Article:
The Righter Report

Earliest Mention of the Resurrection of Jesus Christ

September 17, 2013

The 1st Corinthians Creed

“For what I received I passed on to you as of first importance: that Christ died for our sins according to the Scriptures, that he was buried, that he was raised on the third day according to the Scriptures, and that he appeared to Peter, and then to the Twelve. After that, he appeared to more than five hundred of the brothers at the same time, most of whom are still living, though some have fallen asleep. Then he appeared to James, then to all the apostles, and last of all he appeared to me also, as to one abnormally born.” – Paul, 1 Corinthians 15:3-8

While the word “received” (a rabbinical term) can also be used in the New Testament of receiving a message or body of instruction or doctrine (1 Cor.11:23; 15:1, 3; Gal. 1:9, 12 [2x], Col 2:6; 1 Thess 2:13; 4:1; 2 Thess 3:6), it also means means “to receive from another.” This entails that Paul received this information from someone else at an even earlier date. 1 Corinthians is dated 50-55 A.D. Since Jesus was crucified in 30-33 A.D. the letter is only 20-25 years after the death of Jesus. But the actual creed here in 1 Cor. 15 was received by Paul much earlier than 55 A.D.

As Scholar Gary Habermas notes:

“Even critical scholars usually agree that it has an exceptionally early origin.” Ulrich Wilckens declares that this creed “indubitably goes back to the oldest phase of all in the history of primitive Christianity.” (8) Joachim Jeremias calls it “the earliest tradition of all.” (9) Even the non-Christian scholar Gerd Ludemann says that “I do insist that the discovery of pre-Pauline confessional foundations is one of the great achievements in the New Testament scholarship.”

The majority of scholars who comment think that Paul probably received this information about three years after his conversion, which probably occurred from one to four years after the crucifixion. At that time, Paul visited Jerusalem to speak with Peter and James, each of whom are included in the list of Jesus’ appearances (1 Cor. 15:5, 7; Gal. 1:18–19).This places it at roughly A.D. 32–38.

Even the (liberal) Jesus Seminar co-founder John Dominic Crossan, writes:

“Paul wrote to the Corinthians from Ephesus in the early 50s C.E. But he says in 1 Corinthians 15:3 that “I handed on to you as of first importance which I in turn received.” The most likely source and time for his reception of that tradition would have been Jerusalem in the early 30s when, according to Galatians 1:18, he “went up to Jerusalem to visit Cephas [Peter] and stayed with him fifteen days.”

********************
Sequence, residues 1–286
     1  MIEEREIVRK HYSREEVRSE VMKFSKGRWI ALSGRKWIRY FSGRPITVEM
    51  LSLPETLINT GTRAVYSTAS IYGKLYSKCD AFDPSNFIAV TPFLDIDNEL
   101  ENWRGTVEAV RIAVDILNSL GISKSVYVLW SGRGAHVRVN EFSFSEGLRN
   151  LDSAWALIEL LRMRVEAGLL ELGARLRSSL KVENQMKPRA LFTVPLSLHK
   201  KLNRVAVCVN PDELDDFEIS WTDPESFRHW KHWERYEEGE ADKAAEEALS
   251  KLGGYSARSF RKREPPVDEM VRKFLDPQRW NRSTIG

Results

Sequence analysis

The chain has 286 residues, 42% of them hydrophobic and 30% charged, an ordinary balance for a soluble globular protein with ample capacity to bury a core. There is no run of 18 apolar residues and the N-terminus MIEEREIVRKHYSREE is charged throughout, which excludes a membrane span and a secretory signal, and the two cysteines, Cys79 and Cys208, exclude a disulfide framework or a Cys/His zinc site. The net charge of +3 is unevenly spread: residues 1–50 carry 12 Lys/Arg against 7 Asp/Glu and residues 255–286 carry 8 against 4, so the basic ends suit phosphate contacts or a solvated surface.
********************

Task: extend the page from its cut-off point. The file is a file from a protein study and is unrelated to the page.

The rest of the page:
This comment by Crossan makes sense because within the creed Paul calls Peter by his Aramic name, Cephas. Hence, if this tradition originated in the Aramaic language, the two locations that people spoke Aramaic were Galilee and Judea. The Greek term “historeo” is translated as “to visit” or “to interview.” Hence, Paul’s purpose of the trip was probably designed to affirm the resurrection story with Peter who had been an actual eyewitness to the resurrected Christ (1 Cor. 15:5).


Habermas, among others, would contend that this creed could have been composed within mere months after the resurrection of Jesus. He notes that no credible scholar disputes Pauline authorship of 1 Corinthians, which was likely written between 55-57 AD. But Paul says in 15:3 that he passed the creed on to the Corinthian Church at some point in the past, predating his visit there in 51 AD. That places the composition of the creed no later than within 20 years of the original event.

But Habermas – and others – think the creed goes back even further: between 32-38 AD, when Paul received it, in all likelihood in Jerusalem. Three years after Paul’s conversion, he traveled to Jerusalem to interview the Apostles Peter and James. Habermas draws our attention to the fact that, when Paul described this trip in Galatians 1:18-19, he uses the Greek word historeo, which indicates a thorough investigation of the facts surrounding Jesus’ resurrection was being made. So, in all likelihood, this creed was delivered to Paul by the eyewitnesses of the resurrected Jesus, Peter and James.

Of course, the creed goes on to enumerate other eyewitnesses, including an appearance of the Risen Christ to over 500 people at once – “most of whom are still living” at the time Paul wrote 1 Corinthians. Paul is virtually daring any skeptics to interview these people.

The 1 Corinthians creed authenticates the resurrection of Christ in many ways, not the least of which is this: its incredibly early, eyewitness testimony precludes any possibility of legendary accretion.


The preponderance of the evidence is daunting. When does it become too much for the skeptics?

Jesus is Risen Indeed!

– The Righter Report

January 17, 2013 - Posted by | Evangelical, God, History, Human Interest, Theology, Theology Articles

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